This is the seventh of nineteen articles that are looking at the meta-results for both team and players, as collected from ELO-Following Football’s wide range of sources.
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The second-last Thursday night game of the year is upon us, and what a cracker we’ve got lined up, with an extraordinary amount at stake for both teams.
Sydney are coming off a loss to ladder-leader Richmond, which isn’t necessarily a big deal, especially down in Melbourne. But it did drop them down from second to fourth, level on ten wins with four other teams.
Another loss here may well see the Swans struck from the top four altogether, with fifth-placed Port Adelaide sure to beat St Kilda at home on Saturday.
Geelong are in a more perilous state. Despite having the third-best percentage in the competition, they sit in eighth, two games outside the top four. They too have lost to the Tigers in their recent past – again, no disgrace in that – but they followed it up with an unforgiveable loss to the Western Bulldogs.
They will drop out of the eight with a loss, given North in ninth and Hawthorn in tenth can be expected to win this weekend and leapfrog them.
Sydney’s midfield will be weakened by losing Isaac Heeney, who is possibly leading their best and fairest, to concussion, while Geelong’s will be strengthened by gaining Scott Selwood, who may get a minding job.
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The Cats coaching hierarchy might think it’s pointless to try and stop Josh Kennedy and Luke Parker on the inside, while also backing Joel Selwood and Patrick Dangerfield to be more than a match for them, so Scott Selwood might go to Ollie Florent, who has shown that he can influence matches in recent times. Could the impressive young Swan get his first taste of a tagger at AFL level?
George Hewett has been in fine fettle as Sydney’s run-with player, and might go to Selwood, particularly if they think Dangerfield will be spending a fair bit of time up forward – which he has been doing against the better sides.
Zak Jones may see some more midfield time with Heeney out, as could Jarrad McVeigh and/or Jake Lloyd. Will Hayward could move through there at times, and could John Longmire send Ben Ronke through the middle? A similar player to Jack Higgins at Richmond, we’ve seen him have an impact as a mid in recent weeks for the Tigers.
So Longmire has a few choices up his sleeve if he wants to be more adventurous than he is known for. These younger players are required to step into the breach, especially given Dan Hannebery and Kieren Jack are struggling to have an impact – the reserves may be beckoning for one or both of these veterans.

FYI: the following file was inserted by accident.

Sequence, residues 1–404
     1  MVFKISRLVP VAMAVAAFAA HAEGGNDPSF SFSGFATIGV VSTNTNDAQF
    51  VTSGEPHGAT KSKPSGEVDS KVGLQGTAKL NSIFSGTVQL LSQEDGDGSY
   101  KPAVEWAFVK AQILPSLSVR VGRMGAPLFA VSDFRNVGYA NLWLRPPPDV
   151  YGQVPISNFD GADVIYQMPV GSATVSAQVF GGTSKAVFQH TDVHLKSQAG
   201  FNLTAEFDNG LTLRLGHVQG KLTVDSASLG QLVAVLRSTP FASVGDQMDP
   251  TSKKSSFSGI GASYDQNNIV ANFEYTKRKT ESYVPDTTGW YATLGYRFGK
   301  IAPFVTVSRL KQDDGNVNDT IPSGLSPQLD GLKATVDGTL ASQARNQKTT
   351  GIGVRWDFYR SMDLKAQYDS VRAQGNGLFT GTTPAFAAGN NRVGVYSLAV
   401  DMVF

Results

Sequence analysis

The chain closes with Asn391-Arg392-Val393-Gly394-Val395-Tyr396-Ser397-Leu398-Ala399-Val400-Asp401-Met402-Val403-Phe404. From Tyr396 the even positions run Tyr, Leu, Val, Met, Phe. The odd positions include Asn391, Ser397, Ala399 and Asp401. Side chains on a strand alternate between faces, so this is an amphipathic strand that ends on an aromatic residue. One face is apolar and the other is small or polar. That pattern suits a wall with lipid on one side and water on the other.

Heath Grundy should take Tom Hawkins, assuming Dane Rampe will get first crack at Dangerfield like he did in their semi-final last year. Dangerfield split the game open in the first half playing as a forward, having six shots at goal by halfway through the second term.
Aliir Aliir has come back into the team in good form as an intercept marker. Jake Lloyd has been bringing his own football in the last couple of months, distributing it through wing and half-back. One of the best kicks in the league, the Cats shouldn’t give him too much space to operate in.
Down the other end, Mark Blicavs could be set to take match-up on Lance Franklin, although in last year’s final Tom Stewart did a sterling job. Geelong have kept Buddy quiet in recent times – last year he was held to a combined 22 touches and one goal in his two outings against them.
Sydney have won six of the last eight against Geelong, including earlier this year down at Kardinia Park – funnily enough, the Swans have won their last three matches at the Cats’ home fortress.
The last time they met at the SCG was 2014, where Sydney won by 110 points. Enough time has passed and the teams are so different, that result is irrelevant to proceedings.
In cricket terms, Geelong’s tail is a bit longer than Sydney’s, and that may prove decisive. In general terms, the Swans are probably too good to drop two in a row, while we’d normally think the Cats aren’t going to lose three on the bounce, but one of these things is going to happen.
The Round 6 match between these teams was full of momentum swings. At one point through the second and third terms, the Cats kicked six goals in a row, while the Swans ended up kicking the last five majors of the game to win.
Tonight will be more of a struggle, with no more than 12 points between them all night, and Sydney being in front when the final siren sounds.
That’s my Thursday night forecast. What’s yours?